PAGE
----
The Pope has caused a diplomatic storm by criticising the safe-guarding of Christians in the Middle-East by regimes there. Egypt has criticised the Pope for intervening in Egypt’s internal affairs, and recalled its ambassador from the Vatican. Even Sheikh Ahmed el-Tayyib who is head of the most prestigious Al-Azhar (the leading Sunni University) has waded in against the Pope.
So what has the Pope said? Well the Guardian reports that he said:
the pope said the Alexandria bombing, coming after a string of attacks in Iraq, showed “the urgent need for the governments of the region to adopt, in spite of difficulties and dangers, effective measures for the protection of religious minorities”.Quoting from a message agreed by a synod of bishops last year that discussed the situation of Christians in the Middle East, the pope said they were loyal citizens who were entitled to “enjoy all the rights of citizenship, freedom of conscience, freedom of worship and freedom in education, teaching and the use of the mass media”. He also praised European countries who had asked for action by the European Union to protect Middle Eastern Christians.
Well on this issue all I can say is well done Pope Benedict.
The issue of Christians in the Middle East is of a minority that has been harshly dealt with by regime after regime there. Even places such as Turkey, which have been trying to gain accession to the EU have a very dodgy history in this area. The genocide of the Armenians, the confiscation of church property, the demand that the Ecumenical Patriarch of Constantinople be an ethnic Greek but Turkish by birth – difficult when so many greeks were expelled, the murders in 2006 & 7 of Christians in the country.
If you then see on top of this the murders in Egypt and Iraq. The non-allowance to even practise the Christian faith in most of the Gulf states (of course this applies to other non-Islamic religions as well), the persecution in Iran.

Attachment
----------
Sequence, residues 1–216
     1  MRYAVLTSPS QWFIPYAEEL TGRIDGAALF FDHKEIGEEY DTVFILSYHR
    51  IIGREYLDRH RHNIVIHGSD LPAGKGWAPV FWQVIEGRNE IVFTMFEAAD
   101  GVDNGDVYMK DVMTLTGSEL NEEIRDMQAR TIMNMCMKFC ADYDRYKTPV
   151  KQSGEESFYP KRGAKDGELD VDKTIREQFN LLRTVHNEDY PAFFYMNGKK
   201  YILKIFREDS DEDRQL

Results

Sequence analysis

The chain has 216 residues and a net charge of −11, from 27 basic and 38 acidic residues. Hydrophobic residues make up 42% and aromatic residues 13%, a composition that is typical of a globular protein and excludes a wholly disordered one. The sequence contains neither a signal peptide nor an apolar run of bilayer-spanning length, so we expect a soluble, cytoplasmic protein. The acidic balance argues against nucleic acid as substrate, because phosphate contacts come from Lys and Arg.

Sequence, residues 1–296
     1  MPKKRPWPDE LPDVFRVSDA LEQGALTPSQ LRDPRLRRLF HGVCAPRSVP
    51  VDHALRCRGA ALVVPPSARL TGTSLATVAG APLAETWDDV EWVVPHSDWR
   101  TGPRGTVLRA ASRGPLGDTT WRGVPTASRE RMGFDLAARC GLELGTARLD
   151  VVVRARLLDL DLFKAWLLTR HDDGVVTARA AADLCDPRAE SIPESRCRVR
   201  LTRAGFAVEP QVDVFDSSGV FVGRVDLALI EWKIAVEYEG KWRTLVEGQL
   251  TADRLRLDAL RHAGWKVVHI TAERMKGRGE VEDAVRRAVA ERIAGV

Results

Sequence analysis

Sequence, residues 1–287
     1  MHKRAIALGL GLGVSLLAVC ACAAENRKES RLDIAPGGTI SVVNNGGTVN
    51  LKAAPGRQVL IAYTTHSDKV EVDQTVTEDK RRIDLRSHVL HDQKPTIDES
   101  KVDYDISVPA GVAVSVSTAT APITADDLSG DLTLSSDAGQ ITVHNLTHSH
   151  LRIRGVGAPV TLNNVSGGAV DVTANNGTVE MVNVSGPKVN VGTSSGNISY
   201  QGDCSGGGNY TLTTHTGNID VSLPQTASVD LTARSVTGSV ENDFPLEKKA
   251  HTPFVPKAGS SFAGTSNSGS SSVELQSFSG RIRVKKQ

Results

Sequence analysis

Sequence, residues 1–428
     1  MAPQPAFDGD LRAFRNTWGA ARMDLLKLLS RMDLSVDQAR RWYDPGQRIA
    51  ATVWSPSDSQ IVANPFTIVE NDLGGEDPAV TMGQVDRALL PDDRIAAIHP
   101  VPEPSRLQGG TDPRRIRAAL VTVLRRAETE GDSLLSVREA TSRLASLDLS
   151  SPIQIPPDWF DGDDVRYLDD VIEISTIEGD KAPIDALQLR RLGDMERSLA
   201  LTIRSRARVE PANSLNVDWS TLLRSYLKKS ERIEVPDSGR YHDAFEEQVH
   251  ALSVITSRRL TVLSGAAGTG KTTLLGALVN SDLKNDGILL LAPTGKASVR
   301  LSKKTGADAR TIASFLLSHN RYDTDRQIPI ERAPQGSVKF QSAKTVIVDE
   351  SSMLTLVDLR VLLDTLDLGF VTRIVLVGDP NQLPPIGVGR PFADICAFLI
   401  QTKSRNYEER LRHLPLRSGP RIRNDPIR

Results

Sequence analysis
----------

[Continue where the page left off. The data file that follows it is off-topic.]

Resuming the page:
The only relatively safe place to be a middle-eastern Christian is in Syria. A dictatorship. Bizarre.
But therefore it is right of the Pope to raise this matter. It is right to demand of states that human rights are respected. That people of all faiths should have their rights protected. What is depressing is that the Egyptian government has reacted so strongly against words and said that it is an internal issue. So why do they criticise Israel? Now I think that they were right and are right to do so. So, by the same token they also should be ready to allow thoughtful criticism of their actions (and inactions).
Its a shame they don’t react more against the treating of Christians as second class citizens and the persecution that they face. I’ve blogged about this before and no doubt I will again
The Pope got it right on this one. The Middle-eastern governments need to have the pressure kept on them before we see more and more flee from the Middle-East as we have seen in Iraq.
So what can we do? We can ask our politicians to keep up the pressure. We can support agencies such as Open Doors (as does our youth), Barnabus Fund or CSW. All doing great work in advocacy and in supporting the after effects of these tragic incidents.
If you have selected the story to read then the heading is Christians touching a blood-spattered wall on which is an icon of Christ. Very symbolic and moving.